Scottish Mountaineering Club Journal, Volume 4

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Scottish Mountaineering Club., 1897
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Includes reviews of mountaineering literature.

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Página 4 - What is not heath is nakedness, a little diversified by now and then a stream rushing down the steep. An eye, accustomed to flowery pastures and waving harvests, is astonished and repelled by this wide extent of hopeless sterility. The appearance is that of matter incapable of form or usefulness, dismissed by nature from her care, and disinherited of her favours, left in its original elemental state, or quickened only with one sullen power of useless vegetation.
Página 274 - And of these great cathedrals of the earth, with their gates of rock, pavements of cloud, choirs of stream and stone, altars of snow, and vaults of purple traversed by the continual stars...
Página 268 - The traveller wanders through a naked desert, gratified sometimes, but rarely, with the sight of cows, and now and then finds a heap of loose stones and turf in a cavity between rocks, where a being born with all those powers which education expands, and all those sensations which culture refines, is condemned to shelter itself from the wind and rain.
Página 275 - The individuality of the Coolin is not seen in their summits, which are often almost ugly, but in the colour of the rocks, the atmospheric effects, the relative largeness and harmony of the details compared with the actual size of the mountains, and most of all in the mountain mystery that wraps them round : not the mystery of clearness such as is seen in the Alps and Himalaya, where range after range recedes into the infinite distance, till the white snow peaks cannot be distinguished from the clouds,...
Página 86 - Beuchaille Etive's furrowed visage, To Schihallion looked sublime, O'er a wide and wasted desert, Old and unreclaimed as time. Yea ! a desert wide and wasted, Washed by rain-floods to the bones ; League on league of heather blasted, Storm-gashed moss, grey boulder-stones ; And along these dreary levels, As by some stern destiny placed, Yon sad lochs of black moss water Grimly gleaming on the waste...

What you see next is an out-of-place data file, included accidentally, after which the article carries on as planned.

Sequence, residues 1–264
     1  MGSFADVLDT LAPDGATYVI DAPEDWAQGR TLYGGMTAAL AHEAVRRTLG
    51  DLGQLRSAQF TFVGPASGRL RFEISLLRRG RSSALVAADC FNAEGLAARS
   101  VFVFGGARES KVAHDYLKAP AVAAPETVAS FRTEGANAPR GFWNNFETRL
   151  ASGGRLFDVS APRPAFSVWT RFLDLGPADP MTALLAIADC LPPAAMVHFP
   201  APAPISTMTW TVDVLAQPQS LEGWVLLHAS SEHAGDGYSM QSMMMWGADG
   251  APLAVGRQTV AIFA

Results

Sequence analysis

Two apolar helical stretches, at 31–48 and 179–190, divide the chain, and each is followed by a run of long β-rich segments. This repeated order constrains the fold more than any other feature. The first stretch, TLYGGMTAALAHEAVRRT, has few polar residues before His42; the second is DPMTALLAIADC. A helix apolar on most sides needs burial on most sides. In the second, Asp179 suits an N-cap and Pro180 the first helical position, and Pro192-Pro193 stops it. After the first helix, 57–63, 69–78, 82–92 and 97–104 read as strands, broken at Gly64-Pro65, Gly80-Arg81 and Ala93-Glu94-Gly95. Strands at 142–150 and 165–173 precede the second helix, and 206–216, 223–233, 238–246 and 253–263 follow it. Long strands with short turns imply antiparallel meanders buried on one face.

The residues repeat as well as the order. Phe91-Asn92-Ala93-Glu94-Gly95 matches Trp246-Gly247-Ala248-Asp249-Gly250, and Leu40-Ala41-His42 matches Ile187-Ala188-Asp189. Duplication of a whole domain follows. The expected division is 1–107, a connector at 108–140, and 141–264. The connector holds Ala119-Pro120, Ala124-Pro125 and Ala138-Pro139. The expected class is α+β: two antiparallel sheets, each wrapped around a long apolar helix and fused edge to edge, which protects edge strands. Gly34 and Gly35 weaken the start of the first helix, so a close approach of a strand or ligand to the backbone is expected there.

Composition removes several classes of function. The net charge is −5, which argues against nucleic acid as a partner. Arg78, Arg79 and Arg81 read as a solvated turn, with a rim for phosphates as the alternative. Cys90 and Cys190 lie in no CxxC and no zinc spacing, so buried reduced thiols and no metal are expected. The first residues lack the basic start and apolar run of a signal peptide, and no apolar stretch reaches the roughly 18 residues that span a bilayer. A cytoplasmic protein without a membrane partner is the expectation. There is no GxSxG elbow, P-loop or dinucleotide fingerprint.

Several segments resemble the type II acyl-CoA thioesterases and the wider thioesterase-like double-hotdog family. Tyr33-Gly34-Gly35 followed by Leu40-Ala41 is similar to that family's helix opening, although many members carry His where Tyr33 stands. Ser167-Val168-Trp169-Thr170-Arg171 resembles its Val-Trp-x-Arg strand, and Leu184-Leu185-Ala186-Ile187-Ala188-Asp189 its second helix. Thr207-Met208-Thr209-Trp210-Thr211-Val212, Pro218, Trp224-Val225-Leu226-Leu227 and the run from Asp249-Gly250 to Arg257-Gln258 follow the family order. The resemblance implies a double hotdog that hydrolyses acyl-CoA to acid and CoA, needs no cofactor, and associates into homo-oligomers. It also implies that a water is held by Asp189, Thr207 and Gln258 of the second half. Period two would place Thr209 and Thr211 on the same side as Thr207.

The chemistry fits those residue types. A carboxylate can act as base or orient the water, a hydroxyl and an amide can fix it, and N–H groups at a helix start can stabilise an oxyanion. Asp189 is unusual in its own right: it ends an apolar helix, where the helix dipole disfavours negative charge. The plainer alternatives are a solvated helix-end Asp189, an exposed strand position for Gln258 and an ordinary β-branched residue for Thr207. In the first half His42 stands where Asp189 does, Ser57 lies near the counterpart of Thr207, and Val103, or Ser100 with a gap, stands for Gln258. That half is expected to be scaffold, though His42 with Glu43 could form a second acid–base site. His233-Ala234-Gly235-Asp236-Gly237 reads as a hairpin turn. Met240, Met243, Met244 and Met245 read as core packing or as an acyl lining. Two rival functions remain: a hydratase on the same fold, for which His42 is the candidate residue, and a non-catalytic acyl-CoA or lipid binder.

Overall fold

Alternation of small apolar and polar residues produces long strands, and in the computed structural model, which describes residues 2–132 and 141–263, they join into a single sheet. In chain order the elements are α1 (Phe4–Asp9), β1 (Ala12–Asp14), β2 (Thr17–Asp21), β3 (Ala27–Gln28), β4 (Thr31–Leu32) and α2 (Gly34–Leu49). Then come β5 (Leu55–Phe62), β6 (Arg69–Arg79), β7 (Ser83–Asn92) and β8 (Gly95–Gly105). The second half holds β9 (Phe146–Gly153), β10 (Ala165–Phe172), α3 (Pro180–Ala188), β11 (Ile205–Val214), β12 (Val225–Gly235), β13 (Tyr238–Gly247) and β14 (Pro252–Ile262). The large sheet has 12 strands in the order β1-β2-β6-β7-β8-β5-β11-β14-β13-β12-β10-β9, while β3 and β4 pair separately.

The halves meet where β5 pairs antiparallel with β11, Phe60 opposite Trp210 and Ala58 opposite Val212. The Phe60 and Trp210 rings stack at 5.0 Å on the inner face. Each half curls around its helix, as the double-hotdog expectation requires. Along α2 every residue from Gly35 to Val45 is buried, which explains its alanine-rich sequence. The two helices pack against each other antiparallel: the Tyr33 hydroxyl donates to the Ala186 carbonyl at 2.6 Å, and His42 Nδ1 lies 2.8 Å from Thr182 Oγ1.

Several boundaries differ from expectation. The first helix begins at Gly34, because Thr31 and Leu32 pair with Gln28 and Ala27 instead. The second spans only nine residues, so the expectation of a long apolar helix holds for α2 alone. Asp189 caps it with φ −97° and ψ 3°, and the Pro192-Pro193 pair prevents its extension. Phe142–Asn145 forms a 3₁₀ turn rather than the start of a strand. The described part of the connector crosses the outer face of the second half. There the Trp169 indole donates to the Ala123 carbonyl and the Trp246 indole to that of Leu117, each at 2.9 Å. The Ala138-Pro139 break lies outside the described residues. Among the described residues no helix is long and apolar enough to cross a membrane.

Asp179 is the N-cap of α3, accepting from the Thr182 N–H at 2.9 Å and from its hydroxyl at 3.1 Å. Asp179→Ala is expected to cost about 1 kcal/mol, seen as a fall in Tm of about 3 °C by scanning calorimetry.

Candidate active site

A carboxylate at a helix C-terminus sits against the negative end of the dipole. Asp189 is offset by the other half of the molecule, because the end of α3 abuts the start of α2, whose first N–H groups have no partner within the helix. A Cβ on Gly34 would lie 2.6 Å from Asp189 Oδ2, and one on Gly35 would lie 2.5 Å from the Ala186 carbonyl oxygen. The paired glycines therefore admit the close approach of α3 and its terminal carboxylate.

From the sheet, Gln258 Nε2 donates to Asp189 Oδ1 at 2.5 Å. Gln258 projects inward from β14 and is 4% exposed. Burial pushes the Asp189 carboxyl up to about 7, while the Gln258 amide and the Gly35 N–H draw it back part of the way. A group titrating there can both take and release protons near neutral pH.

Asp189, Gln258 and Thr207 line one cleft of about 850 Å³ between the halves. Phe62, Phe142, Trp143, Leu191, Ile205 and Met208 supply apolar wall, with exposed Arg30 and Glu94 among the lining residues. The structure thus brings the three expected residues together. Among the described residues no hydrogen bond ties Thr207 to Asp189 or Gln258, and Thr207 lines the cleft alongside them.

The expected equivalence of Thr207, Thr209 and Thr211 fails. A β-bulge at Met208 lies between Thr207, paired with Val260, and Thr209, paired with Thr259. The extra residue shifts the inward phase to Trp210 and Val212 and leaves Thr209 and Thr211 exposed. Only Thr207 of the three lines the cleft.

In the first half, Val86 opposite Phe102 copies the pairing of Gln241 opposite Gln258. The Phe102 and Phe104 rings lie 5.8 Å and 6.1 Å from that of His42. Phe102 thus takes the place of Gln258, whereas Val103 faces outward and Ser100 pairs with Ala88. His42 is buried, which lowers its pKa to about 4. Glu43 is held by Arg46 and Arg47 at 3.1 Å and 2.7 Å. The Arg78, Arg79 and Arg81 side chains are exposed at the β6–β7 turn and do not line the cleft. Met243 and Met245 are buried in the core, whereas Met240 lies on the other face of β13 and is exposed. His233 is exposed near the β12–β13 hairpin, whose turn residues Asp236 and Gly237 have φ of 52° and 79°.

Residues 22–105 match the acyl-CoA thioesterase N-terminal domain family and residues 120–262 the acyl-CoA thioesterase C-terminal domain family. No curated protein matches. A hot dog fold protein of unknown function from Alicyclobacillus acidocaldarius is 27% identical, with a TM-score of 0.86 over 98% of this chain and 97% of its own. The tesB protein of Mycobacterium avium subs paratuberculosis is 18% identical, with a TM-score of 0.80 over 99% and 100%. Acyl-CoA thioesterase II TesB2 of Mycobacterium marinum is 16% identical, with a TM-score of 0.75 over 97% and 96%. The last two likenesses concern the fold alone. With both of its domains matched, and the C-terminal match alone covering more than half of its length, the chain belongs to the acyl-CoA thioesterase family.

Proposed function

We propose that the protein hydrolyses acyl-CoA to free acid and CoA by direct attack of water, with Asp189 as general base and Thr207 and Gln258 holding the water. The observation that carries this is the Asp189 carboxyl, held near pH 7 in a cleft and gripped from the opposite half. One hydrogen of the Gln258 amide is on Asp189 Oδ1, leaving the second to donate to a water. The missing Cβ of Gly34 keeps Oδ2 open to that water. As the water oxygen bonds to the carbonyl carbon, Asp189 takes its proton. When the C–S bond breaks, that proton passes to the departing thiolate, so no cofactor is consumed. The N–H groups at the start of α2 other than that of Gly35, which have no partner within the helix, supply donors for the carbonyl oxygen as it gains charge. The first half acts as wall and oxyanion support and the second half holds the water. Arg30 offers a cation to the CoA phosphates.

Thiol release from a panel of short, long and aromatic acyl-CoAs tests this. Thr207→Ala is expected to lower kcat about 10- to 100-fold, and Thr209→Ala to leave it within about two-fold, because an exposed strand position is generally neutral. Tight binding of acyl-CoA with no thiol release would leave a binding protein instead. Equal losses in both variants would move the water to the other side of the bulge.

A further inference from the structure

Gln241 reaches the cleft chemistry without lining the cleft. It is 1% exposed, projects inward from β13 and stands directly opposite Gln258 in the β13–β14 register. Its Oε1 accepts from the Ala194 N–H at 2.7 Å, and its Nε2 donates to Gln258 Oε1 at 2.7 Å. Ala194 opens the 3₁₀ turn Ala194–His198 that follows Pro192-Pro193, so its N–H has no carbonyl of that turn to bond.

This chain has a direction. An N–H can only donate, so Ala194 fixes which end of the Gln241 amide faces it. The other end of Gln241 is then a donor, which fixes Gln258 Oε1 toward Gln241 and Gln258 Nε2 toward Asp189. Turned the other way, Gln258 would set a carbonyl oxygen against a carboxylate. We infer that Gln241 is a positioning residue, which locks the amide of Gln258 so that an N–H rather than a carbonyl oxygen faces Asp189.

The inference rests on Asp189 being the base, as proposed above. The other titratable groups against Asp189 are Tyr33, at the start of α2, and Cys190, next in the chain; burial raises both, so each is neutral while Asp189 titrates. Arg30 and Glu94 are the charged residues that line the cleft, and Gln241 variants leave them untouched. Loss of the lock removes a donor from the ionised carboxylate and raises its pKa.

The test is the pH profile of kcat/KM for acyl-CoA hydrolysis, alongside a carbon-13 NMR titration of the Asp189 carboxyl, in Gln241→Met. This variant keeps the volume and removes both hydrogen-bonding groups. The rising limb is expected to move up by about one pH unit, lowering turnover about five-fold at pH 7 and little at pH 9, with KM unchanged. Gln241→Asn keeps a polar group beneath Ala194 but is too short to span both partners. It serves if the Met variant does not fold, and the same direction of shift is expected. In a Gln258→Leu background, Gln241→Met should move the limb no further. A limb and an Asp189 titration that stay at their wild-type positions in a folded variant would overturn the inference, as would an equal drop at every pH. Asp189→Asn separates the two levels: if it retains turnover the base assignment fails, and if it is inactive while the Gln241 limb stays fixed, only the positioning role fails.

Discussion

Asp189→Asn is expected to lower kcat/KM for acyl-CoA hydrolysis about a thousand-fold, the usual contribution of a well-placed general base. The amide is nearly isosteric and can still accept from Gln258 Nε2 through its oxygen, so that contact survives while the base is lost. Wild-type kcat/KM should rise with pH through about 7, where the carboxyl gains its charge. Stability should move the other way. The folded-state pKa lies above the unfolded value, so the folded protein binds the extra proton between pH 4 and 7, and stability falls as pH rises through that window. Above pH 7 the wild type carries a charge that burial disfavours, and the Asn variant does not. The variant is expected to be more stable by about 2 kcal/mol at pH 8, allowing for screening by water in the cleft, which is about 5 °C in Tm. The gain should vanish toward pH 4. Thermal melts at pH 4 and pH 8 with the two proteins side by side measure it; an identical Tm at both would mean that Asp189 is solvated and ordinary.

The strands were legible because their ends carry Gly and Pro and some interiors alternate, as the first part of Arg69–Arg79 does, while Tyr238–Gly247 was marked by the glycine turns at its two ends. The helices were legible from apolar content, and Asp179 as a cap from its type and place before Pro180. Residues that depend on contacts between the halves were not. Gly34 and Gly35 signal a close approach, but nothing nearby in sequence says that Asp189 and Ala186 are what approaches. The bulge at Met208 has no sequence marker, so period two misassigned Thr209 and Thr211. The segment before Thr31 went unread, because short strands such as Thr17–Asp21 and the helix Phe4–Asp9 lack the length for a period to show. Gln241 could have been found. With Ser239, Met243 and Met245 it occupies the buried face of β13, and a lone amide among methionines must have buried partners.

Página 14 - ... whose summits are often shrouded with mists and almost perennial snows, and their overhanging precipices furrowed by foaming cataracts. Lakes and long arms of the sea, either fringed with woods or surrounded with...
Página 191 - ... discovery, in the following year, of their last bivouac by the search party of which he was himself a member. From the description of this remarkable incident we cannot refrain from quoting the following passage : — ' The scene we looked on as we lingered on the rocks beside it [the stone-man] was strangely beautiful and impressive. The silence of the upper snows was broken only by the constant ring of the axes and the voices of our comrades, which rose clearly through the thin air as they...
Página 140 - The Royal Scottish Geographical Society's Atlas of Scotland, a series of sixty-two plates of Maps and Plans illustrating the Topography, Physiography, Otology, datura History, and Climate of the Country. Designed and prepared under the direction of JG Bartholomew, FRSE, FRGS, Hon.
Página 191 - ... icy coverlet. Their figures were thrown out on the edge of the crags against the surface of the Tiutiun snowfields, as are those of sailors on a masthead against the sea, when seen from some high cliff. The day was cloudless, the air crystalline, space was for a moment annihilated or shown in a scale by which we each seemed to stand, not...
Página 191 - Every detail was distinct as on a mapmau's model, yet the whole was vast and vague, wonderful and strange, creating an impression of immeasurable shining space, of the Earth as it might first appear to a visitant from some other planet. The splendour of nature on this day of days seemed not out of harmony with the sadness of our errand. It affected the mind as a solemn and sympathetic music. While I gazed, four white butterflies circled round the little monument, and again fluttered off. An ancient...

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